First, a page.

Action camera maker GoPro aims to raise $100 million or more in a potential initial public offering (IPO). At the same time, the San Mateo, Calif.-based firm is rolling out products that should interest the public sector. The company has been on a roll— GoPro shipped a total of 3.8 million units of its high-definition, pocket-sized video cameras last year in more than 100 countries, according to a Security & Exchange Commission filing.

The company’s main product offering is action cams — small, weatherproof, mountable and/or wearable video cameras that offer quality video and long battery life. The cameras were initially marketed for extreme sports fans, but other kinds of hobbyists have quickly discovered new applications for them. One example is unmanned aerial vehicle (UAV) or drone flyers, who mount the GoPro cameras on their aerial platforms and record breath-taking video in the heavens.

“We are just starting to get the government, education and public sector side of the business going,” says Wayne Sexton, who handles government and education sales for GoPro. “There are several applications for our products in government.” Some of the inquiries from governments that Sexton has received include queries from environmental and biology project managers. “Being able to go underwater and do a lot of testing for various government agencies in seas and waterways is a potential application,” says Sexton.

“I’ve had requests for information from highway and transportation agencies and departments,” says Sexton. “They would like to put our GoPros on their sanding, plowing and salting trucks to document driver skills. The videos could aid in training their drivers on how to effectively do their jobs.“

Armed forces could also be buyers of GoPro products, Sexton told GPN. “The military has a need for our products for training of recruits. That could be a huge potential market as well. Officers could put the GoPro cams on recruits’ helmets for training exercises. Videos/pictures from the cameras could be reviewed to improve soldiers’ skills.”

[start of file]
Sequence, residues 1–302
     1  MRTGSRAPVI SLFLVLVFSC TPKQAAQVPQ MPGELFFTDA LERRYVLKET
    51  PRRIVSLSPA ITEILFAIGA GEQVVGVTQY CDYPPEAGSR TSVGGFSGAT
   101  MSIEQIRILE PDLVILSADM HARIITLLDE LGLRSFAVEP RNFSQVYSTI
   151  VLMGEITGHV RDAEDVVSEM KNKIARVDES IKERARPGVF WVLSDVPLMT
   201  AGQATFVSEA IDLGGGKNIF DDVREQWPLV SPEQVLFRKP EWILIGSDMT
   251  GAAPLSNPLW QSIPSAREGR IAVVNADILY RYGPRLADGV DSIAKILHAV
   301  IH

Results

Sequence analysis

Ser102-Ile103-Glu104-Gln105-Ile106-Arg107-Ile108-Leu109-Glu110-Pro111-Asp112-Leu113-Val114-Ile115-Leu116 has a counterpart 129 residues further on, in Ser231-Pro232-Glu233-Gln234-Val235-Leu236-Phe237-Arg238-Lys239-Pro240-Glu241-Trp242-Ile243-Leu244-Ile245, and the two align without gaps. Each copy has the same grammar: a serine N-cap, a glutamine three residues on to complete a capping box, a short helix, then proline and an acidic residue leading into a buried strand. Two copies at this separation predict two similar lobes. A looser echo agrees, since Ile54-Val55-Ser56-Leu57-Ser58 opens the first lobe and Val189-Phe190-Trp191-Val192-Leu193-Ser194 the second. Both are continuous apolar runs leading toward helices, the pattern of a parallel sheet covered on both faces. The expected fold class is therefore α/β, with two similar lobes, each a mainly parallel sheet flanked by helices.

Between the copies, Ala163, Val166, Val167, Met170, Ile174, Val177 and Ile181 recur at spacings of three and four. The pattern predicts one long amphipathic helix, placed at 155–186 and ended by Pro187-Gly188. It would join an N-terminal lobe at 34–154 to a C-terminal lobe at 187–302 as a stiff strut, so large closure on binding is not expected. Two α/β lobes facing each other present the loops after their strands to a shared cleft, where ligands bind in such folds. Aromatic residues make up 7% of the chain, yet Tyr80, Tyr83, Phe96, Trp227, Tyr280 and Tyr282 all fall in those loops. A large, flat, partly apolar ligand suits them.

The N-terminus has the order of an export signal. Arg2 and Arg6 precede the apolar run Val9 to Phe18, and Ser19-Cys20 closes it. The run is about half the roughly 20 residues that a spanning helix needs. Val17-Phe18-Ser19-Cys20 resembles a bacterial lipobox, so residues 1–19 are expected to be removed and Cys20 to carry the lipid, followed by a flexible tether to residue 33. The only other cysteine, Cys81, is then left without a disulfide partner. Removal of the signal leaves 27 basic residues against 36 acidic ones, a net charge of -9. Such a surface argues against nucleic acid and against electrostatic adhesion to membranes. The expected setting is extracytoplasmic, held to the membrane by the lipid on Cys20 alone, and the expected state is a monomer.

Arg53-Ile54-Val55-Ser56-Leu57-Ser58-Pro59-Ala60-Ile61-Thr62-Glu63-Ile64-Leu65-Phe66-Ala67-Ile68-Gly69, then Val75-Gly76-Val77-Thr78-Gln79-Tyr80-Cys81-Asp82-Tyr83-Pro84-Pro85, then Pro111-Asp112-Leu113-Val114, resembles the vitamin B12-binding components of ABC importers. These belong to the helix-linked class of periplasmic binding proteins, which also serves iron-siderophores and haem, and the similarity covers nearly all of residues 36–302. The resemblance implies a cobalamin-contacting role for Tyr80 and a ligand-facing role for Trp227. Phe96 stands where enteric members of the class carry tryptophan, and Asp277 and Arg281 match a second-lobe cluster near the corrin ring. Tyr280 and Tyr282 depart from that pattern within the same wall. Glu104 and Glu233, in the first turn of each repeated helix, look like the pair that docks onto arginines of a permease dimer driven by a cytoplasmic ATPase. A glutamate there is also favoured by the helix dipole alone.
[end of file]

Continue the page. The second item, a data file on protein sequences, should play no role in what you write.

Law enforcement could be another area where GoPros are in constant use, says Sexton. Having the camera video footage available can help officers document what took place on a police call. So wearing the GoPro with a chest mount would enable police to have a record of events as they took place.”

Yet another area that the GoPro camera has a place in is a classroom, says Sexton.  “Video is very much driving education these days—because teachers are trying to engage the students. The classroom environment is changing from someone just standing there and presenting to greater use instructional video. What the GoPro does is it gives teachers the versatility of using the outdoors as a classroom. Teachers can take the cameras outside. The GoPros are in a protective housing, so your 4th and 5th graders can’t really damage them at all.”

In this video, shot with a GoPro camera, a father-son team rescue several deer stuck out on the ice in the middle of Albert Lea Lake in Minnesota.

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